Supervisors Meet in Loyalton

By Carl Butz

LOYALTON – This past Tuesday, May 17, the sky was cloudless when the Sierra County Board of Supervisors assembled for an amiable meeting at the Social Hall in Loyalton. The weather outside may have brightened their mood, but Supervisor LeBlanc’s report on the very successful return of Timberfest to Loyalton over the weekend definitely set a positive tone for the session.

Yes, Timberfest brought out a good, loud crowd who enjoyed the traditional truck parade, the competitive events, and the food available at the event. Being a big success, LeBlanc said plans are already at work to expand Timberfest into a two-day function next year.

As for the regular US Forest Service reports on activities affecting Sierra County, Rachel Hutchinson, Acting Sierraville District Ranger, pleased the Supervisors when reporting the problems with opening campgrounds at Jackson Meadows this summer have been ironed out with the Nevada Irrigation District (NID) and these facilities should be available to the public by mid-June.

The Board also was happy to support the drafting of a letter to the USFS by Tim Beals concerning Sierra County’s priorities for the use of new fire fuel reduction funding coming to the federal agency this year. Tim Beals listed five “shovel ready” projects to include in the letter: 1) completion of the North Yuba Project; 2) implementation of the 1,200 acre Greene Acres Project; 3) realization of the long-standing, but dormant Forest City Management Plan; 4) partnering with the “dubious” Caltrans Fire Fuel Treatment project along state highway corridors snaking through the county; and 5) treating fuel build-ups along most Sierra County roads, an effort he estimated would cost between $400K and $750K. Supervisor Roen added a sixth priority: addressing the overgrown wildland-urban-interfaces (WUIs) surrounding every single community on the westside of Sierra County.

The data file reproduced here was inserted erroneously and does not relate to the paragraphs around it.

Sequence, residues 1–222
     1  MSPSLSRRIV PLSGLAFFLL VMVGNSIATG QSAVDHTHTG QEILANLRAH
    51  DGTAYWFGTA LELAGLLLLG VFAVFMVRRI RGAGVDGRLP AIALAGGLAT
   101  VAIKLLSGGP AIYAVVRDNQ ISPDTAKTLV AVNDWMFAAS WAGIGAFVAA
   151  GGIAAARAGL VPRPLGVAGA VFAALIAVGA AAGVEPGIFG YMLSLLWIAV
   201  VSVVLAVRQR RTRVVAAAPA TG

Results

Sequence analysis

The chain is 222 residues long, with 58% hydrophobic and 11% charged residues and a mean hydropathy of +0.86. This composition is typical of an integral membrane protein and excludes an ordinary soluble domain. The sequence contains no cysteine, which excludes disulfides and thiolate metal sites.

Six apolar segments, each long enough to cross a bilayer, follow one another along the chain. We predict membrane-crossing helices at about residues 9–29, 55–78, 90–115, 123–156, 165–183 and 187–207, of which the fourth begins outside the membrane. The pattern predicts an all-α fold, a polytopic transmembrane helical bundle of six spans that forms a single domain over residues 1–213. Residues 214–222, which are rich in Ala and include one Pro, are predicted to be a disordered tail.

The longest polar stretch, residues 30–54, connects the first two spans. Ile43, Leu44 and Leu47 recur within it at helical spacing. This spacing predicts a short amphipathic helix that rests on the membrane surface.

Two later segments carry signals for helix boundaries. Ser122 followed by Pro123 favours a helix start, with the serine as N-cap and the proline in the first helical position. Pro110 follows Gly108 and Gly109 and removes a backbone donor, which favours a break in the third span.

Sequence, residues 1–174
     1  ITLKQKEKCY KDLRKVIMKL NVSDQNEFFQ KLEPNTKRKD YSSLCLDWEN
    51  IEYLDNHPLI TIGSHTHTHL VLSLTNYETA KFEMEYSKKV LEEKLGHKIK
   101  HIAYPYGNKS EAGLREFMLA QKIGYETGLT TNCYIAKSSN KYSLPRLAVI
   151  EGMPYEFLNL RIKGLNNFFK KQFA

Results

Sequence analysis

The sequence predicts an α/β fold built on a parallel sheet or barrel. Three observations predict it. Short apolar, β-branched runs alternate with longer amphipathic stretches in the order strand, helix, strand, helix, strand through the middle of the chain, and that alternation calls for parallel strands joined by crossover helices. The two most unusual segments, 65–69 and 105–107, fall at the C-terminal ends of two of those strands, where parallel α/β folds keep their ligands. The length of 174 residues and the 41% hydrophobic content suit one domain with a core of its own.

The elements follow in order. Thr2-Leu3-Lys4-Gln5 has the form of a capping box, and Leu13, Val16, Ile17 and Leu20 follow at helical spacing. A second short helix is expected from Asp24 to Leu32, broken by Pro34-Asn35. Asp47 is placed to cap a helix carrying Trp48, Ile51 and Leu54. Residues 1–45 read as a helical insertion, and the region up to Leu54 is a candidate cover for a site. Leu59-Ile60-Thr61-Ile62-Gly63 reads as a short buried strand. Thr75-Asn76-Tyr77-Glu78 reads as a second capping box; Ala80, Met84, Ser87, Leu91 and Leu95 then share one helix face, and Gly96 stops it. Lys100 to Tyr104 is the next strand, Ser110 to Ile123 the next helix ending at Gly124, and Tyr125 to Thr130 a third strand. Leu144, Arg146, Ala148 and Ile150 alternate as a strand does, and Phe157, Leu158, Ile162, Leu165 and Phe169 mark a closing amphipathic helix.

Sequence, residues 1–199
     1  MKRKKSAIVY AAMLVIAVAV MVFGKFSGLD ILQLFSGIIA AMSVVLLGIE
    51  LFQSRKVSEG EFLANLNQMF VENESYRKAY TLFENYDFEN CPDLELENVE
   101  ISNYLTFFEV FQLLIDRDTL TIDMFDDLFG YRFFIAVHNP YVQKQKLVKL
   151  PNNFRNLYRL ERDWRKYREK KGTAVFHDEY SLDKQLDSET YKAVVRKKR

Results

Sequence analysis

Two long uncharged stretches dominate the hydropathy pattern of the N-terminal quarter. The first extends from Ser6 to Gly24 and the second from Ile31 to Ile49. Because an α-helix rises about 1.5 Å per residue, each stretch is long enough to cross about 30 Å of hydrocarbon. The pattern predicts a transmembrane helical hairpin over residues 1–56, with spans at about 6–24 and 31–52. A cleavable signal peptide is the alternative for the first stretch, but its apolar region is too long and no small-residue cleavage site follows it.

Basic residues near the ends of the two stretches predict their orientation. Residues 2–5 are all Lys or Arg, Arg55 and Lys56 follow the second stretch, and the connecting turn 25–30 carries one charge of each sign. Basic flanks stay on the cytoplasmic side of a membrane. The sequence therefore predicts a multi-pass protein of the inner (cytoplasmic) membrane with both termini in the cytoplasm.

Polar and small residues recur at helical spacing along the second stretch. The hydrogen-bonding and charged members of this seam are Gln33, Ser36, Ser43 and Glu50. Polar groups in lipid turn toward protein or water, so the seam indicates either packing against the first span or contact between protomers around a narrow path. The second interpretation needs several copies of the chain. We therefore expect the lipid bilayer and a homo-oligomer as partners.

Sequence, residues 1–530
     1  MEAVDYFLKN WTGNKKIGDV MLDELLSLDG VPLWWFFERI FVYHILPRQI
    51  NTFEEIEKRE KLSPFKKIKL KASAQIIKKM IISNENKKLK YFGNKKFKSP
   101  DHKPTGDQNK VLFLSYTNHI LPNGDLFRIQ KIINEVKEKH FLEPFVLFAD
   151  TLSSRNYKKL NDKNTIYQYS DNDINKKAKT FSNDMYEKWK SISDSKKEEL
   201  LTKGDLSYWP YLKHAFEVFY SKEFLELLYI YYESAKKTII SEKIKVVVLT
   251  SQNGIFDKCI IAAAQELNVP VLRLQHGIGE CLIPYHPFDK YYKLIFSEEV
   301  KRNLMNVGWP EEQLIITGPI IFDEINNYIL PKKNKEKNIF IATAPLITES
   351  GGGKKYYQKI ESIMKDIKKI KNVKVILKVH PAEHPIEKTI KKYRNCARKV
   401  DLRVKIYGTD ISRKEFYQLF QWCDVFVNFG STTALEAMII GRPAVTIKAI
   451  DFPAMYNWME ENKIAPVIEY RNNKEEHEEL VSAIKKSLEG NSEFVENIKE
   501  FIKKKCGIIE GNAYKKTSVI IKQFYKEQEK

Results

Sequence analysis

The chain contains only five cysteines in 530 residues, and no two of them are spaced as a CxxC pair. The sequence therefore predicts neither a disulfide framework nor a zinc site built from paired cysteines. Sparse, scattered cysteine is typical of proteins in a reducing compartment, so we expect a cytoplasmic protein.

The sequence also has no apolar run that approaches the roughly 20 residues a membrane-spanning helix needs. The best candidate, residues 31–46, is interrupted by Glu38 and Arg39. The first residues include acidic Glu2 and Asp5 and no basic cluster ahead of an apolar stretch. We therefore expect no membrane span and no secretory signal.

The Board also had no problem supporting Tim Beals’ request for authorization to hire temporary help for the Building and Planning Departments after Beals noted the inability to fill a long-standing vacancy, a new retirement, a staff member on leave after a serious medical emergency, and an outbreak of Covid cases meant he has only two people able to work in his office at the moment.

Upon finding the Sierra Brooks Water Ordinance could not be adopted until written notice was published and the document comprised 17 pages, they decided to pass the ordinance after shorter summary of the document could be printed instead of subsidizing this newspaper with taxpayers money.

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